It’s likely you know someone who has had the diagnosis of osteoporosis or maybe it is something your doctor has put on your radar. This disease, which is characterized by a reduction in the density and quality of the bone, will effect roughly 55% of people 50 years and older. Osteopenia is a similar condition, however, it is the initial discovery that bones are weaker than normal. It’s the precursor, or warning sign, that osteoporosis is likely around the corner. One of the many concerns with having weaker bones is the higher than normal risk of fracture.
There are quite a few factors that can lead to decreased bone density, such as hormones, lifestyle factors, diet, medications, however, it is widely accepted that proper, progressive strength training can help prevent and even reverse some of the effects of weakening bones. The relationship between bone and strength/resistance training is that strength training will increase muscle mass, and place stress on the bone -- this “stress” or weight loading will actually stimulate osteoblast activity. Osteoblasts are cells that help produce the matrix for bone formation, this is a good thing! Long duration aerobic exercise, like jogging, walking or swimming are beneficial for other areas of the body, like our cardiovascular system, but evidence shows that it does not have the ability to stimulate osteoblasts like resistance training.
As we age, changes in hormones and the tendency for us to become less and less active become the perfect combination for the reduction in bone and muscle mass. Therefore, we must take action in order to prevent this slow and silent loss of bone. Think of training as a method of communication with your body. It’s the best way of telling your body what you need from it and how you want it to adapt. It this case, it allows us to communicate to bone cells that we still need them to work. Over the years I’ve been fortunate enough to work with and help quite a few people who have the goal of offsetting the loss of bone density. While this is not an exhaustive list, here are some of our go-to exercises for this population:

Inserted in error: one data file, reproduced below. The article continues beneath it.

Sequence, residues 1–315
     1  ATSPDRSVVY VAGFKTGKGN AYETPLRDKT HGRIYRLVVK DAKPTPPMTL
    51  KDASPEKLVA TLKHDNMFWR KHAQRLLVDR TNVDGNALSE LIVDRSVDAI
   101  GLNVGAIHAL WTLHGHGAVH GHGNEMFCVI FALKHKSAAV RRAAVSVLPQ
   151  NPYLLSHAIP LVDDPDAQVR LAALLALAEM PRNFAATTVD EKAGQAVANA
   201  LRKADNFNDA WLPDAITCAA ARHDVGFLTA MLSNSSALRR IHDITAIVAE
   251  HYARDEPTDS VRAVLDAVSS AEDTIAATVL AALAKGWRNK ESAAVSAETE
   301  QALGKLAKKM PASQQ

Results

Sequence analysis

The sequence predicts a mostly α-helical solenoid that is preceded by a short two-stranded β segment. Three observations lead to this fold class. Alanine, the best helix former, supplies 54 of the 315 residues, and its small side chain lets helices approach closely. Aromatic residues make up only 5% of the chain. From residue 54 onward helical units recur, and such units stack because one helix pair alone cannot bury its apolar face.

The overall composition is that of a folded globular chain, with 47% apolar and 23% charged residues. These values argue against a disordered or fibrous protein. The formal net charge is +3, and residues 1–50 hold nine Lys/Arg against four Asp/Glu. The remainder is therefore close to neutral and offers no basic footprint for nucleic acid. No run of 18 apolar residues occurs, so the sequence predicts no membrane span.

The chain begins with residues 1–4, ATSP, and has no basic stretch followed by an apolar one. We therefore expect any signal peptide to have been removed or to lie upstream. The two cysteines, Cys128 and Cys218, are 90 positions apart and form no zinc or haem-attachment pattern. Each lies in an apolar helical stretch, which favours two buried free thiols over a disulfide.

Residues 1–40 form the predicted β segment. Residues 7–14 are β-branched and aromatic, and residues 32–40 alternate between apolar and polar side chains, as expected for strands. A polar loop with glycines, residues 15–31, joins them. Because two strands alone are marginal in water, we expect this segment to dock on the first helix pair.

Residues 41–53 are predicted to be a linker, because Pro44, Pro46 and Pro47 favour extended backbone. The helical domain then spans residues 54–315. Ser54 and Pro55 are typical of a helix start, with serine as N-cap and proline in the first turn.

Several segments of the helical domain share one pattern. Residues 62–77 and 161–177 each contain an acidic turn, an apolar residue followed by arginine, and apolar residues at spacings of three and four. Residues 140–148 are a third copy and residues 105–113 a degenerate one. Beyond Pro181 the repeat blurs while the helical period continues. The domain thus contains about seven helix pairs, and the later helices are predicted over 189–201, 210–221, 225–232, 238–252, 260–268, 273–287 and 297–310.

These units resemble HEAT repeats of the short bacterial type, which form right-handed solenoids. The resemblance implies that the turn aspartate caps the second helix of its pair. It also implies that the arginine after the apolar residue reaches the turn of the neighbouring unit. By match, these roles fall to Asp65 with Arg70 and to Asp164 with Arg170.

Deadlifts (kettlebell or trap bar) and squats (pictured above) - Some of our largest bones and muscles are located in the lower half of our body. With proper squat and deadlift technique, we have the ability to work our clients up to using progressively heavier and heavier weight, allowing us to reach a greater load potential on the body, which is the goal for healthier bones.
Push Ups and TRX Rows - Both of these exercises are simple, effective upper body exercises, that require someone to handle the load of their own body weight. Push-ups work all the muscles on the front side of the upper body, while the the TRX rows work all the muscles on the back side of the upper body.
Farmer's Carry - This is another great way to load the whole system by carrying weights in each hand as you walk back and forth for time or distance. This is another exercise that with practice, allow for a really great loading potential (you can get really strong at these!)
Jump Rope - Studies have also shown that high frequency vibrations also helped stimulate bone and muscle growth so I always like to include some type of jumping modality into the beginning or end of the workout. It also helps build strength in the legs and is a great way to get the heart rate elevated.
While exercise selection is important, so is the intensity and progression involved with your strength training. We mentioned early that the body has a great ability to adapt to what we repeatedly do, therefore we have to periodically increase intensity in some aspect to continue to “overload” your body and continue to raise the bar on what you are adapting to. As a general rule, set a repetition parameter as a goal. For example, I might suggest 3 sets of 12 reps of the trap bar deadlift. Once you can get 12 reps for all three sets, it's time to increase the weight by 5 or 10lbs. This leads to progressive overload which is necessary to cause as adaptation.